Adverse safety events—some that lead to serious harm—occur every day, affecting people across entire health systems. The ability to collect and analyze this data is crucial for preventing future incidents and improving patient safety. Yet, according to a 2008 study, “only 13% [of U.S. hospitals] have broad staff involvement in reporting adverse events.”
With a full schedule of patients and life-or-death situations a part of daily life in hospitals, reporting efforts, not surprisingly, may end up taking a back seat. Sometimes, however, the issues that impact reporting run deeper. Hospital staff may fear repercussions from reporting safety events. In other instances, the reporting process may be so convoluted and time consuming that, despite good intentions, staff is discouraged from doing so. Or maybe, the biggest issue comes after reporting, with hospitals failing to share or apply healthcare analytics in a way that positively impacts the quality of care provided and makes staff feel a part of something bigger.
No matter the reason, any issue that negatively impacts patient safety event reporting has consequences for every person associated with a hospital or health system—especially the patients. In fact, the ECRI Institute listed “standardizing safety efforts across large health systems” as one of the top 10 patient safety concerns for 2019. Even events that seem minor have the potential to result in grave harm. The Joint Commission reported medication error and product and device events in the list of top 10 most frequently reported sentinel events in hospitals in 2018.
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The healthcare industry has especially high stakes when it comes to risk management. The risks aren’t simply business- or reputation-related, though those are important. The most significant ones can be a matter of life or death. Patient safety is at the heart of every hospital’s risk management program and, because of this, a generic risk management information system (RMIS) may not be up to the challenge.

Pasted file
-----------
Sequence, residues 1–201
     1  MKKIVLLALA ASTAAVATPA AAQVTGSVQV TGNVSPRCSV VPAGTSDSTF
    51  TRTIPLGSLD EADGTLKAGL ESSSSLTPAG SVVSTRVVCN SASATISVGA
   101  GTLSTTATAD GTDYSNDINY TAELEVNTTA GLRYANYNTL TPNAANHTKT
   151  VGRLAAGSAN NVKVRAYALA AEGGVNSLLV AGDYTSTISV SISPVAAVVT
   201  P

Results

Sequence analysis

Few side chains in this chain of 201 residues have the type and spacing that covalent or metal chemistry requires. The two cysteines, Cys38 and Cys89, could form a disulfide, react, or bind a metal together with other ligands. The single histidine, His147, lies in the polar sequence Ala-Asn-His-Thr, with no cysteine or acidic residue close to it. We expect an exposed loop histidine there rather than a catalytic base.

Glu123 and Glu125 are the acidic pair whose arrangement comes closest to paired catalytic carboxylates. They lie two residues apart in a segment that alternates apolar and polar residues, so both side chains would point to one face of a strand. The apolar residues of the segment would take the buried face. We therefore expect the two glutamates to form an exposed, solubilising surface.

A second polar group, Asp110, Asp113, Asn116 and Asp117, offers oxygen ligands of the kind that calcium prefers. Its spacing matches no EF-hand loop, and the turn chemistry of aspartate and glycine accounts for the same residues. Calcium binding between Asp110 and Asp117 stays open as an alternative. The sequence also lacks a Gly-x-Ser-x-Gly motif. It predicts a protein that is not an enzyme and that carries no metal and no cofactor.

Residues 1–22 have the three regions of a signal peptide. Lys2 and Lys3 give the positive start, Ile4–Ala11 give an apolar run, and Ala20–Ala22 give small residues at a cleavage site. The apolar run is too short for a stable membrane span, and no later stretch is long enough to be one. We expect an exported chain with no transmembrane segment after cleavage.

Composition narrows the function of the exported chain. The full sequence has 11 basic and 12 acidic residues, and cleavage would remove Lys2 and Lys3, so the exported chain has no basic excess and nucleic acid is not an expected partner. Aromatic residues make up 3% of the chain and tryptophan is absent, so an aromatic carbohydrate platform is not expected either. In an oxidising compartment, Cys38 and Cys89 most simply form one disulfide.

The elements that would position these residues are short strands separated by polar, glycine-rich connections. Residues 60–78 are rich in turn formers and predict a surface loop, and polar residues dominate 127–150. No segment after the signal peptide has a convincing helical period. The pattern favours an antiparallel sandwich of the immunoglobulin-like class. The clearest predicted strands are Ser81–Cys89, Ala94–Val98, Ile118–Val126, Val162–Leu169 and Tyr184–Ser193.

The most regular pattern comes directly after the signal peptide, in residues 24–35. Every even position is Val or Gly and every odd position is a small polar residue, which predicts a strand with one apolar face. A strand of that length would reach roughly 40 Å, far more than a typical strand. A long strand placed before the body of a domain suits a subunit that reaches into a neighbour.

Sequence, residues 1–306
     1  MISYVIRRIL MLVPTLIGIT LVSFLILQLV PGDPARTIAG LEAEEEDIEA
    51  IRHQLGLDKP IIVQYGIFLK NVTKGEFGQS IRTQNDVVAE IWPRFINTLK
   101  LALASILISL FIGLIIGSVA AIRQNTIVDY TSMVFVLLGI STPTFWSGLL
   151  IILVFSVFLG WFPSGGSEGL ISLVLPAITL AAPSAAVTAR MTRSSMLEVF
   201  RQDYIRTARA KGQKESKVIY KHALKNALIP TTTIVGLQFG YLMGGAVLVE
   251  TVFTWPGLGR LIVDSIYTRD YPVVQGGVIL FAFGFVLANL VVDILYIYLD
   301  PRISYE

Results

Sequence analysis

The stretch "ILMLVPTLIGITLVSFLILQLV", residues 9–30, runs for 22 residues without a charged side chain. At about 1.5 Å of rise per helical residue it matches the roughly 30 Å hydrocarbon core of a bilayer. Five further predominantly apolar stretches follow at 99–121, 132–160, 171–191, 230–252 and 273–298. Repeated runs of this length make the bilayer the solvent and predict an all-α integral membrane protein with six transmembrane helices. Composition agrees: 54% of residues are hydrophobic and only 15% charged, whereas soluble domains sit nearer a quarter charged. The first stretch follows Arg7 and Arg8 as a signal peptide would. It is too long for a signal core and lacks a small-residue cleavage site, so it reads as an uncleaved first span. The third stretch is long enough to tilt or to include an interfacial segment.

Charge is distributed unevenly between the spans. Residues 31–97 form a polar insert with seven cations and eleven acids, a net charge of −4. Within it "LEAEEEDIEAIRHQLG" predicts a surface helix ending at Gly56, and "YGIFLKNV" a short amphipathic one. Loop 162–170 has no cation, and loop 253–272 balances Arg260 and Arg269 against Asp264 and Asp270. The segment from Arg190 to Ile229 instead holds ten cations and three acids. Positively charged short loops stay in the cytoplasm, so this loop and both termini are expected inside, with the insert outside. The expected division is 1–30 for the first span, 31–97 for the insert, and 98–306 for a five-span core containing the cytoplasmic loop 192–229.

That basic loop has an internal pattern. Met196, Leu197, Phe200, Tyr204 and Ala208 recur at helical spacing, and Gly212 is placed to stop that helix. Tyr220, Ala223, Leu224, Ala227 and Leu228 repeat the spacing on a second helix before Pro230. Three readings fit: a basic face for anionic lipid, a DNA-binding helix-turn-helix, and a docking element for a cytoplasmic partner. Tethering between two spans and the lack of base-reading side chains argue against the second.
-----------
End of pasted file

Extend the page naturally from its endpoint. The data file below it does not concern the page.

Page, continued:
Hospitals and healthcare organizations may consider using a generic RMIS for a variety of reasons. Perhaps another part of the organization is already using one, so it seems simpler and cheaper to stick with the same system. Although using a single platform across an organization is typically a logical approach, given the healthcare industry’s uniquely critical needs, this approach may not cover the healthcare setting’s unique needs and thus can fail, adding more hassle, expense, time, and risk not only to your organization, but also to your patients.
In terms of both the software and the service team supporting that software, a dedicated healthcare risk management system offers clear advantages over a generic RMIS. This gives healthcare organizations greater insight for staying on track and, ultimately, improving patient safety.
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A 2016 analysis published in BMJ revealed that medical error is the third-leading cause of death in the United States. This includes process errors, planning errors, and failures to act. Martin Makary, a health policy expert at Johns Hopkins and an author of the analysis, explains that the “complex medical system” in the U.S. “sometimes lacks transparency that results in the wide variation in quality of medical care that is the endemic problem in safety.” Makary also notes that “safety nets are missing and standardization is lacking.”
At the heart of this standardization problem lies outdated technology and confusing systems. Many healthcare providers continue to use lagging systems that don’t efficiently collect or analyze data. Furthermore, a mix of legacy and new systems makes for potential conflicts that add to the confusion and fortify workplace silos. Without the sharing of information, organizations fail to see big-picture strategies and solutions that could help prevent medical errors and increase patient safety.
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Data Breach Today offers predictions in What’s Ahead for Health Data Privacy, Security in 2019? While the article focuses primarily on health data, a few key trends apply more broadly and are likely to resonate with all types of organizations.
Prediction: Disruption from regulatory changes is likely
Rebecca Herold, author of 19 books on information security and CEO of The Privacy Professor consultancy, begins the list of predictions by examining the potential for agency updates to HIPAA. “Based on continued pressure from local, state and federal government agencies, law enforcement, researchers and others to ease the sharing of patient and mental health data by removing the need to obtain patient consent, I expect to see OCR issue proposed HIPAA updates,” she notes.